Cases and controls are important when anticipating or conducting an epidemiological study. This is because both controls and cases are factors that can be used to compare and contrast on the outcome of the epidemiological study. These factors (i.e. cases and controls) helps the researcher or investigator to evaluate properly, the outcome of any experiment or study conducted in a given locality or population. In this section, the sources of both controls and cases for an epidemiological study are briefly highlighted in this section.
Cases in an epidemiological study can be sourced in any of the following ways:
- Data from hospital registries, clinics and disease screening records.
- All cases diagnosed in a particular hospital department at a given time.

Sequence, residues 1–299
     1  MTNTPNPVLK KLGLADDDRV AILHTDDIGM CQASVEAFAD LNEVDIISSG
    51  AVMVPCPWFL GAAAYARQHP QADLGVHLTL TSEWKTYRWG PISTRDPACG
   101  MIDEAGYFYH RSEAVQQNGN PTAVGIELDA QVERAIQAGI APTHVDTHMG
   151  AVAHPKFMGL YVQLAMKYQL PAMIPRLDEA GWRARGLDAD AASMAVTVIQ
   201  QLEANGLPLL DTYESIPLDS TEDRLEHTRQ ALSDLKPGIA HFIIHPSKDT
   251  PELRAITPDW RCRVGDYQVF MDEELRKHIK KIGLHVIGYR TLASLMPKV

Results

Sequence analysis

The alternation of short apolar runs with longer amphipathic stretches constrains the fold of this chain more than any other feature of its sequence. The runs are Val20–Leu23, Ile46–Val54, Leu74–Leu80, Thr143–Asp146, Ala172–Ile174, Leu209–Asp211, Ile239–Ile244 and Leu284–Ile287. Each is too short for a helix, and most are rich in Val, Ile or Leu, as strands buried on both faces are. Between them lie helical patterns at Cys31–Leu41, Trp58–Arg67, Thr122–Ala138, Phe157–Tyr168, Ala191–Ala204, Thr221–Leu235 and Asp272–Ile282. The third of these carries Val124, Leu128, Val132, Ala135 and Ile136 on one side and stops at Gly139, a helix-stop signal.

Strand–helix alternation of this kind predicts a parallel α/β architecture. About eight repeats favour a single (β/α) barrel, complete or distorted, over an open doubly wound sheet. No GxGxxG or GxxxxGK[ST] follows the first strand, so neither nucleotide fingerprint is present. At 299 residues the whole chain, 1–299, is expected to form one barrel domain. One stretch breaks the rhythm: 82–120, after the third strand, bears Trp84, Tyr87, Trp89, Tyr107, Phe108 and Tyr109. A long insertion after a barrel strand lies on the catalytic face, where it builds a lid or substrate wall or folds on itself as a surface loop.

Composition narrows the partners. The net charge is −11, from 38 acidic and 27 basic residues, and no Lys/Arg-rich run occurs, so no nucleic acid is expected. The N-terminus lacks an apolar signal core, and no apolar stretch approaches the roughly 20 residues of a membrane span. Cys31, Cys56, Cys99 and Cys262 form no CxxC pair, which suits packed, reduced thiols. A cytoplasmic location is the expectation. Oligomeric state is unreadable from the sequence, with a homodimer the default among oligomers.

- All cases diagnosed in the community/population.
- All cases diagnosed in all hospitals (public or private).
- All cases diagnosed in a sample or fraction of the population/community.
SOURCES OF CONTROLS IN AN EPIDEMIOLOGICAL STUDY
Controls in an epidemiological study can be sourced in any of the following ways:
- Samples of patients who do not have the disease under study in all hospitals.
- Samples from members of the general community/population who are at risk for the disease as the cases.
- Relations, spouses, children or companions of the cases.
- Samples of patients in the same hospital where cases were obtained from and, who do not have the disease.
- Non-cases in a sample of the community/population.
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